by Richard L. Thornton, Architect & City Planner
Edo. de Morelos ~ August 5, 1970
One Summer In Mexico – Part 26
I was astonished to see a landscape like Eastern Tennessee about one hour’s drive south of Mexico City. It was here that around 650 AD, Maya merchants from Campeche established a fortified trading center, dedicated to the patron deity of merchants, Kukulkan (Quetzalcoatl).
We are out of chronological sequence, but to understand Tula, one must first have an introduction to Tepotztlan and Xochicalco. I spent the last week of July in the State of Michoacán. We will next present a series of articles on the fascinating history of beautiful Michoacán.
Dr. Román Piña Chán thought that it was important for my education as a Historic Preservation Architect to also see both building ruins in a natural state and prehistoric buildings undergoing re-construction. That summer, some restoration work was underway at the Xochicalco site in southern Morelos State I got off the bus to Oaxaca and spent about an hour at Xochicalco then hopped on another bus headed the same way. At the time, I could not discern what the final appearance of the city would be. Only the Temple of the Feathered Serpent was completely restored.
Ten years later, I spent December of 1980 in Mexico City near Chapultepec Park, plus the states of Morelos and Michoacán. By then, several of the buildings were completely restored. Much of the archaeological work and re-construction of less important buildings began in 1988. During the 1990s, an outstanding museum and more facilities for visitors were constructed on the premises, making it almost unrecognizable from the first time I saw it. Xochicalco is now a UNESCO World Heritage Site and a tourist destination.
As you can see in the photos enclosed with this article, there are strong similarities between the buildings at Xochicalco and Tula. However, Xochicalco was abandoned about the same time that Tula was founded. This is circumstantial evidence that backs up the indigenous tradition that the founders of Tula originally lived in southern Morelos near Tepotztlan.
Description of the city
Xochicalco was a fairly large regional center, now located in Miacatlán in the western part of the Mexican state of Morelos. The main ceremonial center is atop an artificially leveled hill, with remains of residential structures, mostly unexcavated, on long terraces covering the slopes. The site was first occupied by 200 BC, but did not develop into an urban center until the Epiclassic period (AD 700 – 900). Nearly all the standing architecture at the site was built at this time. At its peak, the city may have had a population of up to 20,000 people.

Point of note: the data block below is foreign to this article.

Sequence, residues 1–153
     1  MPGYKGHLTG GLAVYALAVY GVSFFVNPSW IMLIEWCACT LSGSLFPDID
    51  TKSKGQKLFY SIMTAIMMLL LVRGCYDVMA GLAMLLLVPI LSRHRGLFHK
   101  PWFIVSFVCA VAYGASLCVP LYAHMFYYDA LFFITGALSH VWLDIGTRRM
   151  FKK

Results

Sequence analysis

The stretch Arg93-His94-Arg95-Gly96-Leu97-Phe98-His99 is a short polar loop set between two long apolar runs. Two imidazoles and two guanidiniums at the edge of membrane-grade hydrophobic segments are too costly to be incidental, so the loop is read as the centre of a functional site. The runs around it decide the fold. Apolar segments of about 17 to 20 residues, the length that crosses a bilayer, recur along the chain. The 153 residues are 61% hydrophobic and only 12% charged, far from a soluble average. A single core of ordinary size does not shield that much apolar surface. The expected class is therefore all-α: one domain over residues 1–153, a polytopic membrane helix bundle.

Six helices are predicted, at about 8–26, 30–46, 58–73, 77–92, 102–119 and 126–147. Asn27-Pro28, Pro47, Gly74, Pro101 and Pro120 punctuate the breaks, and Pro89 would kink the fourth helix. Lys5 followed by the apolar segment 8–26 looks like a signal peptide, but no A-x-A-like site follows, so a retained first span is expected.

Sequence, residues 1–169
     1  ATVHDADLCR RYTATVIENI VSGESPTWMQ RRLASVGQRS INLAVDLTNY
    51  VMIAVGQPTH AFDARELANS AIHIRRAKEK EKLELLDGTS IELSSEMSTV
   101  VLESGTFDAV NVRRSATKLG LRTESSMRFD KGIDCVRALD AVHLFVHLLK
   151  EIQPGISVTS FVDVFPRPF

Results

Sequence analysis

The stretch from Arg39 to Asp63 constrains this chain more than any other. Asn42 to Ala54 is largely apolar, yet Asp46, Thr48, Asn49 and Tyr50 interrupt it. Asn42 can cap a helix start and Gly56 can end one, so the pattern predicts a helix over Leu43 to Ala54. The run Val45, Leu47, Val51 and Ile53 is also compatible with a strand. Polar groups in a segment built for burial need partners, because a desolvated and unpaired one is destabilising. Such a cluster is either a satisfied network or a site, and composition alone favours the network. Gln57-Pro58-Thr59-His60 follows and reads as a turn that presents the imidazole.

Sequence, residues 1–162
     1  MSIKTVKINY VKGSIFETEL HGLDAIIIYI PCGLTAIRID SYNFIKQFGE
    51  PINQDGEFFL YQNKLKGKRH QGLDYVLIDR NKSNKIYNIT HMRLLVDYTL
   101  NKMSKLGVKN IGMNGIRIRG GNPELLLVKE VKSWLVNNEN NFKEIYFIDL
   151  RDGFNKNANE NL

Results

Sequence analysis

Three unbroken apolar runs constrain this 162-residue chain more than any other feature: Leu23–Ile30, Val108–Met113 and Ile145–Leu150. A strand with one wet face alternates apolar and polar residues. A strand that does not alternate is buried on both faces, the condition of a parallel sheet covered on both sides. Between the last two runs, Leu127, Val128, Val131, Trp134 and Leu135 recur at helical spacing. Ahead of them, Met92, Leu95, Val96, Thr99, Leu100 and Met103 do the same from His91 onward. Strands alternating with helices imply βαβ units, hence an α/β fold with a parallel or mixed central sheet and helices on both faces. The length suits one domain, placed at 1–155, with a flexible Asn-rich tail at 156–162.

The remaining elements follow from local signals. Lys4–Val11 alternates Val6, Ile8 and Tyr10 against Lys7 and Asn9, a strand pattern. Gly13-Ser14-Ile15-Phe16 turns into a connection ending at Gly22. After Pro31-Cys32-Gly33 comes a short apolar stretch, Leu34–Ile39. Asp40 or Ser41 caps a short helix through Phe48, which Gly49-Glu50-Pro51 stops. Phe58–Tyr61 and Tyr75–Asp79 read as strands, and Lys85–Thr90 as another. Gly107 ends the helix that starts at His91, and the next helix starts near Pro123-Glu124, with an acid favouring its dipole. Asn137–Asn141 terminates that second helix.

The name Xochicalco may be translated from Nahuatl as “in the House of Flowers”. The site is located 38 km southwest of Cuernavaca, about 76 miles by road from Mexico City.
Xochicalco was founded in About 650 AD Xochicalco was settled in by the Xicallanca, which were a Mayan group of traders from Campeche. It was a location that gave them an excellent position along several of the major Mesoamerican trade routes. The city-state had a population of 10,000 to 15,000 people, many of whom were engaged in craft production and long-distance trade. It became an important, fortified commercial and religious center, following the decline of the great Mesoamerican city states.
At some point around AD 900 the city of Xochicalco was burned and destroyed. Many of the excavated houses and temples have layers of burning and destruction that cover the deposits from the main Epiclassic occupation. Underneath destruction layers, numerous objects were left in place in the houses, indicating that the site was destroyed and abandoned quickly.
A small remnant population lived on, however, on the lower slopes of the hill. Later, around 1200, the site was recolonized by the Nahuatl-speaking Tlahuica peoples, ancestors to the Nahuatl-speaking populations of the modern state of Morelos.
Kukulkan or the Maya Feathered Serpent God was known as Quetzalcoatl to the Nahuatl settlers who settled the region around 1200 AD. The Temple of the Feathered Serpent has fine stylized depictions of that deity in a style which includes apparent influences of Teotihuacan and Maya art. However, most of the less important buildings have the same austerity of lesser buildings at Tula.
The observatory is a cave modified to allow study of the movement of the sun. The cave was covered with stucco and painted black, yellow and red with a chimney that measured from the base to the surface 8.7 meters, and which is hexagonal in the top. The chimney has a slight slope allowing the sun’s rays to be to projected on the floor of the cave.
In the 105 days running from April 30 to August 15, the sun shines into the cave. In the sun’s movement towards the Tropic of Cancer and upon their return, respectively, on May 14 & 25 and July 28 & 29, the sun is at its zenith and the astronomical noon, the beam of light falls directly through the chimney showing the image of the sun on the floor of the cave. Taking advantage of the solar phenomenon, the site was also used for religious ceremonies.